founded by a husband and wife team, Swingset press has realized strong Growth By coming up with Products for ‘tweens’ who have sizeaBLE allowances and little ELSE to spend it on except themselves Ron and Iris Solomon are on a hunt for cool. Since publishing their first children’s book in 1997, the founders of Encino-based Swingset Press have edged into the “tween” market (kids aged 8 to 12, sandwiched between teens and younger children) with phone books and secret journals. It’s a finicky age group that has money to spend provided they think the product is cool. So far, the company seems to have achieved a high coolness quotient. In its short existence, Swingset Press has gone from 1997 revenues of $60,000 to $250,000 last year, and it’s projecting revenues to jump to $1.5 million this year. “A lot of it’s the cool factor,” Ron Solomon said. “The ideas come to me and if it pushes the cool button, then we look into it.” Swingset Press’s products include four main books, which include the “My People” phone book and the “Ultra Secret Stuff Journal,” plus five accessories for the “My People” phone book. The books all retail for between $10 and $20. The couple started the company while both were on break from their careers. Iris Solomon had been a marketer in the post-production business and Ron was a former television sitcom writer and producer. The two pooled their skills for the new business, with Ron focusing on the creative side and Iris on the sales and marketing side. Knowledge of the market The tween market was a natural for them. Much of Ron Solomon’s background is in writing for shows appealing to that age group, such as “Saved By the Bell” and “California Dreams.” He transferred his understanding of what the young market watches on television to what products they would buy. “We found this niche and didn’t realize it at first, but now we want to expand on that,” Ron Solomon said. “(Tweens) have big allowances and nothing to spend their money on but themselves.” Originally, the company targeted younger children. The couple’s first product, “My First Phonebook,” was inspired by their son, Jacob. In 1997, he was 3 years old and wanted to call his grandparents in Florida. He couldn’t read, but knew his numbers. The idea for a phone book with numbers and photos rather than numbers and names could solve the problem, his parents realized. “We looked at each other and said, ‘That would be a great product,'” Iris Solomon said. Later that day, Ron began designing phone books for young children on his computer. He went to Kinko’s after putting a preliminary book together and printed 2,000 copies. The pair took out a $20,000 loan to get started and headed to the Los Angeles Gift Show with samples. They sold orders to 35 stores.”Everybody liked who we were and the values of the product,” Ron said. One of those first stores to order the product was Adele’s II, an Encino specialty gift store. Owner Doris Hurwitz said she liked the book immediately. “It was cute for kids to associate a picture with a person they wanted to call,” Hurwitz said. “When the second book came out (‘My People’), it was a natural that we would carry it because the first book sold so well.” With stores reordering more copies of “My First Phone Book,” the Solomons hired sales reps to drum up more business nationwide while they turned back to the creative side. “We enjoy creating products that help kids,” Iris said. “It helps build their social skills and self esteem. And there’s an independence factor.” The next product, “My People,” was geared at an older audience and hit store shelves in 1998. The books allows kids of the tween age group to put pictures, phone numbers and e-mail addresses, as well as other information such as a hobby or astrological sign, on a separate card for each friend. A binder holds the cards together and allows kids to take out old friends and add new ones easily a common activity among a group that falls in and out of friendships at a rapid pace. Before coming out with “My People,” Iris Solomon did some market research by standing in front of Target and other stores, asking tweens and parents on their thoughts about the book. She took four different designs to fourth-grade classrooms and polled the students. So far, Swingset has sold nearly 65,000 copies of “My People.” Since first rolling out the books, Swingset has added different sets and colors of cards, so that kids can sort their friends by camp, school sports, traveling and school. Black-light diaries The second book allowed Swingset Press to expand into larger chain stores such as Dillard’s and the Store of Knowledge. The company has targeted upscale and specialty toy stores rather than discount stores like Toys ‘R’ Us, which they believe will hurt the products’ image and prompt specialty stores to stop selling them. Swingset’s newest product has so far been the best seller. “My Ultra Secret Stuff Journal,” which began selling in February, appeals to 12-year-olds who want to write about their latest crush without letting their brothers or sisters read about it. Kids write on white paper with an ultraviolet marker that can only be read under a black light, which comes with the journal. Hurwitz said the journal has been by far the best selling of the three books at her store.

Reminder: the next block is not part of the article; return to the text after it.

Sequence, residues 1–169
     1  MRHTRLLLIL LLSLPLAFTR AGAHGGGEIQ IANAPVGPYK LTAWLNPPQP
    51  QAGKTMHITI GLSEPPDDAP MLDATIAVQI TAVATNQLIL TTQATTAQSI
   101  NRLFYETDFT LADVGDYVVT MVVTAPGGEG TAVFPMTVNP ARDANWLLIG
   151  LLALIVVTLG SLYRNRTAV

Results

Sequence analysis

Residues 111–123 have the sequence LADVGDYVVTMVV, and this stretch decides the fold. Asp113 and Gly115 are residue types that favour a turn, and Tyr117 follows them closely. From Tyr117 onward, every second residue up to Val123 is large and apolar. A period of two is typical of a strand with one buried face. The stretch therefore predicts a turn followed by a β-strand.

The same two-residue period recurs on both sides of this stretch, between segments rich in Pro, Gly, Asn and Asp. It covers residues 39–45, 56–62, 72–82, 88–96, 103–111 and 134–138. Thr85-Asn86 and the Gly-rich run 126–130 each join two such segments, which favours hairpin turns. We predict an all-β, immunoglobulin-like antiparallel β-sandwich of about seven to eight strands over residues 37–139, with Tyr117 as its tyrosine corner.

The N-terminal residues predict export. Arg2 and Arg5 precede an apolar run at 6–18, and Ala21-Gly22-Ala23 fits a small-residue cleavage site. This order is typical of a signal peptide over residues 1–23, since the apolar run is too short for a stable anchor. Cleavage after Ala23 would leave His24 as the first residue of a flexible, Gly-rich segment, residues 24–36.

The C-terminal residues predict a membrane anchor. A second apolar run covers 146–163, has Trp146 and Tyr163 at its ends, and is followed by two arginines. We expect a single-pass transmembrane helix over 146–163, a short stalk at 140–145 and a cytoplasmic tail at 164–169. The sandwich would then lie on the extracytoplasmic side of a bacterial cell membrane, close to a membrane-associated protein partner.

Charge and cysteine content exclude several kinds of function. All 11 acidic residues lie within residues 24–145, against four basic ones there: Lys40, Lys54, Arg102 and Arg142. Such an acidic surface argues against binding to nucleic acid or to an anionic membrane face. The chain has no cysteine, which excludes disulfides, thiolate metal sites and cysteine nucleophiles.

SWINGSET PRESS—Cool Stuff for Kids